Logbook Stories

from my "Standard Pilot Master Log"


Cheap Athletic Director Jeopardizes Team

November 27-28, 1977

I flew several Navajo charters as an outsourced pilot and plane for another FBO which was contracted to do a series of flights transporting members of a major state university basketball team. Although a Navajo has eight passenger seats, it also has certain performance and structural limits common to light "cabin-class" piston-engine propellor-driven aircraft that are not suitable for eight strapping young athletes and all their personal and game equipment.

When you load eight athletes and gear and enough fuel for an IFR flight onto a Navajo CR you've got to be at least a thousand pounds overweight. Not to mention the Navajo's CG envelope narrows to a point, so you have no idea where your CG is. You just have to load all the heavy stuff forward and hope for the best. Decline to take that flight? When you're one of three and the other two (employees of the originating FBO) are willing? You'd be looking for another job soonest. So ... calling all lemmings ... the cliff is over this-a-way!! Well, I suppose ... if nothing happens ....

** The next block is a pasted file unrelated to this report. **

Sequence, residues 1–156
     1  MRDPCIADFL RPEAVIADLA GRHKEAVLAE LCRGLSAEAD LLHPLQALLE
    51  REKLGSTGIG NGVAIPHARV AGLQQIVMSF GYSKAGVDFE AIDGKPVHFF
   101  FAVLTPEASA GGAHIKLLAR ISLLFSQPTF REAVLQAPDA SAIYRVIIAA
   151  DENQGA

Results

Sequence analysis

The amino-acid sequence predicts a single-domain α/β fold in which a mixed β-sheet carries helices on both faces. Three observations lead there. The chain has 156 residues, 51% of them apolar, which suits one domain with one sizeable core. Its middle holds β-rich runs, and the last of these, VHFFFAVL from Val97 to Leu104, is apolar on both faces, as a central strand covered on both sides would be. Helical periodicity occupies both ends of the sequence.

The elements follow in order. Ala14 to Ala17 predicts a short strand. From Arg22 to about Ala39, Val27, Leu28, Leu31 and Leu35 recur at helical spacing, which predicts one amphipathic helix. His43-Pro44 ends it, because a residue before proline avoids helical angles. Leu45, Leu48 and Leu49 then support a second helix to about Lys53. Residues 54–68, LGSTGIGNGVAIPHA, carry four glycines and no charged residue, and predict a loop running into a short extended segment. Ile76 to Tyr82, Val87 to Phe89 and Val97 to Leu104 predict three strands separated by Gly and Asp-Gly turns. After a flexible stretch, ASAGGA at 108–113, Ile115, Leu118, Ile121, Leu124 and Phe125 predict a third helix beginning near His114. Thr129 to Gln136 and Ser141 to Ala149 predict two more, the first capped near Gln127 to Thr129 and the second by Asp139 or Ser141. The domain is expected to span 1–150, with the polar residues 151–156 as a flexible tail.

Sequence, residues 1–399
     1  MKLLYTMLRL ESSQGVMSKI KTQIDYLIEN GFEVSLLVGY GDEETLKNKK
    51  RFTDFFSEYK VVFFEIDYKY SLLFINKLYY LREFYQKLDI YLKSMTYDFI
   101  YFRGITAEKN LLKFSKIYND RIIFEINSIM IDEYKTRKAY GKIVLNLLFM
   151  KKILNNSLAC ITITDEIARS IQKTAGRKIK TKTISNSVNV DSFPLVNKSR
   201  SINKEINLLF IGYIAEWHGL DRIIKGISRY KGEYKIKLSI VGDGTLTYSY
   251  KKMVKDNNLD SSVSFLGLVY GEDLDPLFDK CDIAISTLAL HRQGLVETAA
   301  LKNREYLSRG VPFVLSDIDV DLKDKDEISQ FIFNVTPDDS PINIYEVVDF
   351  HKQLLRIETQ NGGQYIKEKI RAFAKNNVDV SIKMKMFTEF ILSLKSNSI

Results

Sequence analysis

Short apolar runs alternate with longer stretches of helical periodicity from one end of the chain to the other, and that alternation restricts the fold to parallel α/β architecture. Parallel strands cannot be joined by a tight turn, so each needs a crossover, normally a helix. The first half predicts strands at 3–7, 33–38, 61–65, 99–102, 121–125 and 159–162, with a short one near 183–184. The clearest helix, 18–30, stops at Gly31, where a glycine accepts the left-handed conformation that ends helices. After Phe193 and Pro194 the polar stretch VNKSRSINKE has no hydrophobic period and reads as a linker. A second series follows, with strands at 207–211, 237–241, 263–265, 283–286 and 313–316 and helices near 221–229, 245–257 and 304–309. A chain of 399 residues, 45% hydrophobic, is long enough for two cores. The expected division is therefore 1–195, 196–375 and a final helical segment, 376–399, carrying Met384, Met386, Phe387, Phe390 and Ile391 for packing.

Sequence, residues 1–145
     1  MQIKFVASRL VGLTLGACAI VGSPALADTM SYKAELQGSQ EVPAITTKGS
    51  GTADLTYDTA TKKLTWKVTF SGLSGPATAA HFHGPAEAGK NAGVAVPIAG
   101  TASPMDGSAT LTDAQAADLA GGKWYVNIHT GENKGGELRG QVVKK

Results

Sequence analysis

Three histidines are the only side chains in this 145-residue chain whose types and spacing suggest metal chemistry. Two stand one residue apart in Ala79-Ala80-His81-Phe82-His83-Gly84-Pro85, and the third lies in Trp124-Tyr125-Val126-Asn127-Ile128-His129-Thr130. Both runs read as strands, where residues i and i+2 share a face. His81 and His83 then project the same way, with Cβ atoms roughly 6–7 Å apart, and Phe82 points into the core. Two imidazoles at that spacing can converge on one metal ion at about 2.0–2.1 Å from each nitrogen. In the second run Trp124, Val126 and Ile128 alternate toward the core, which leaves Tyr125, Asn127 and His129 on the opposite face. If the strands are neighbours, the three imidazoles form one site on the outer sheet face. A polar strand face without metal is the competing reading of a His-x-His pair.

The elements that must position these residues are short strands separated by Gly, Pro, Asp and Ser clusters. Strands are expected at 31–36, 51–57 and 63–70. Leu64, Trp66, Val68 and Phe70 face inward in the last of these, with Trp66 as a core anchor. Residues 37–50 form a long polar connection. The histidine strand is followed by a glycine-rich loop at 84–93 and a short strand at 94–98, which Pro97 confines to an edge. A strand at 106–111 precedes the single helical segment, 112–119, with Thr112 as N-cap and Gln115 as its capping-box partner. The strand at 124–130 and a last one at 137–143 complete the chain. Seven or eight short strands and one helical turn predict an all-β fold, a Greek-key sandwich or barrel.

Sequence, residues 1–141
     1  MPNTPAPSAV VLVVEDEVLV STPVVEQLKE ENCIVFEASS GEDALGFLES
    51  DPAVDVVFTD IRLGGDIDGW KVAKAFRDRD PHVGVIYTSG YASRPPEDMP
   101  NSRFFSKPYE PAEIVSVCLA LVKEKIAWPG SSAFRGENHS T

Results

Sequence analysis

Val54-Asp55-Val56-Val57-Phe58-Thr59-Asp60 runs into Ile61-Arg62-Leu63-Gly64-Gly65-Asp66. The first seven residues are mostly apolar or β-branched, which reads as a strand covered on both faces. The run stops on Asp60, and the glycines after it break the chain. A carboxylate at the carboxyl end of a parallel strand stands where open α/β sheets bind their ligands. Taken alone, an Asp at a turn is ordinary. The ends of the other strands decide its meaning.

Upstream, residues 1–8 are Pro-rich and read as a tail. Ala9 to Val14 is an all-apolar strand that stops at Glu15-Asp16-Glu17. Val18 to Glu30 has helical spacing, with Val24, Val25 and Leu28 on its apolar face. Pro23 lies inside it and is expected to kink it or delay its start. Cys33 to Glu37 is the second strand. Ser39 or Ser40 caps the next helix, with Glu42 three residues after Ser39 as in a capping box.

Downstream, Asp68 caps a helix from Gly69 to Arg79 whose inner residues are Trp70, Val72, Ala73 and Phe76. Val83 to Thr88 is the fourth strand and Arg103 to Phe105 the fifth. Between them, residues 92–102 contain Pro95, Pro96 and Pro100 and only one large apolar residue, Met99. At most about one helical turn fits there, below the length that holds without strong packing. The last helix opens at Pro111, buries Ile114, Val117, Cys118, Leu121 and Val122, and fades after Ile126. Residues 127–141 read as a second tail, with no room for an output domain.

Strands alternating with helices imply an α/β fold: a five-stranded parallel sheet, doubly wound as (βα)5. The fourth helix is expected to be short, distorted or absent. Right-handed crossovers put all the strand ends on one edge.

I don't know why no one ever explained to the university's athletic director that a light cabin-class piston twin isn't appropriate equipment for a university basketball team. Well, I suppose I do know. The FBO wanted the business. The athletic director was too cheap to hire adequate equipment. Or most likely both. The misconception is that two engines are safer. The reality is that two engines mean twice the probability of engine failure. And a piston twin will fly on one engine only when it's operated within its performance limits. Maybe somebody should have explained to the athletic director that he was exposing his team to being the subject of a major national news story if one of these airplanes he chartered should suffer an engine failure on takeoff. Or, quite frankly, at any point during the flight. One of the pilots explaining it to him? No. He wasn't there. He flew on an airline. His team and their coaches flew on the puddle-jumpers. What a cheap excuse for an athletic director.

No wonder it was at this point in my flying career I was mailing out a blizzard of resumes.



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